Let me tell ye your fortune, dear lady, today,
And I'll tell ye a fortune ye wouldn't gainsay;
I'll read ye a page from the big book of Fate,
And I'll tell o' yer love, and I'll tell o' yer hate;
But first cross my palm with ten strokes o' a shilling,
And I'll tell where he lives, and his name, if ye're willing.
But it's sorrow the luck if I handle no gold,
And evil's the spae when the siller's untold!
If ye'll show me yer hand, by the star o' yer birth,
I'll promise ye heaven, and I'll promise ye earth!
Ye've a fair, lucky face, and the secret I'll show,
A king would be glad to give kingdoms to know!
Bestow me a sixpence, and learn o' yer lot,
And I'll show ye a fortune a queen hasn't got!
Here are lines of fair destiny, lady, I see,
Though some troubles, and crosses will pass over ye.
You will soon from yer home with another depart,
Who closer than brother is near to yer heart.
There's that long a coming that soon will be brought,
By which two will be one by a circle o' nought,
When the bridals ye'll wear, and the bride-cake be bought.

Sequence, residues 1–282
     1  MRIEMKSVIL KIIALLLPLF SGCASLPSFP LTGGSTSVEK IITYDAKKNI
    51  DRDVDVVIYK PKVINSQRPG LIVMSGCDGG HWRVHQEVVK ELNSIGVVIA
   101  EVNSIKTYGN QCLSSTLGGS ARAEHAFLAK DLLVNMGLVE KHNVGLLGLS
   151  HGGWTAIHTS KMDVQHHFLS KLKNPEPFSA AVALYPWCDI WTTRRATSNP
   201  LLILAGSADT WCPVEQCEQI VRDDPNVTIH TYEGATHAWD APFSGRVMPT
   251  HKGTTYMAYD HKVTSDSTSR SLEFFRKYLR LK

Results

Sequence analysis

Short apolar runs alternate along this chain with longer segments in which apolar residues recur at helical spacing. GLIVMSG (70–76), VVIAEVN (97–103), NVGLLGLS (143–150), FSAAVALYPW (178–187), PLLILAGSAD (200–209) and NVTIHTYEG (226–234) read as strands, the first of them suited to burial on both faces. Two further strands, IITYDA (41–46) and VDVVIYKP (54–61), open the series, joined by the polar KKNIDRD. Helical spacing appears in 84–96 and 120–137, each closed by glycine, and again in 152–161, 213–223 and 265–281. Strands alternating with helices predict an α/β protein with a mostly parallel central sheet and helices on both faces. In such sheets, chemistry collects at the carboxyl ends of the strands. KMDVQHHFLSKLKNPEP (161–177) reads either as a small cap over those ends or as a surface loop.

Ye've a secret that lies in the core o' yer heart,
That ye would, and would not, to another impart;--
A letter ye'll get that will bring ye great news,
And that soon will be followed by him ye will choose.
Three great rivers ye'll pass, and a journey ye'll take,
And a tie ye will form, that ye never can break.
There's a cross in yer lot, and a wish that is vain.
And the death of a kinsman, whose loss will be gain,
When handfuls of silver, and bagfuls of gold,
Will lift ye for ever from hunger and cold.
Ye've an enemy, lady, as dark as she's fair,
Who will put the law on ye, and try for a share,
But ye'll stand on yer rights, and the cause ye will win,
Though the scales will but turn by the weight of a pin.
The rest of yer days will be happy; ye'll see
Your children, and grand-children, climb round yer knee.
Fair lady, I've done--Heaven's blessing to ye!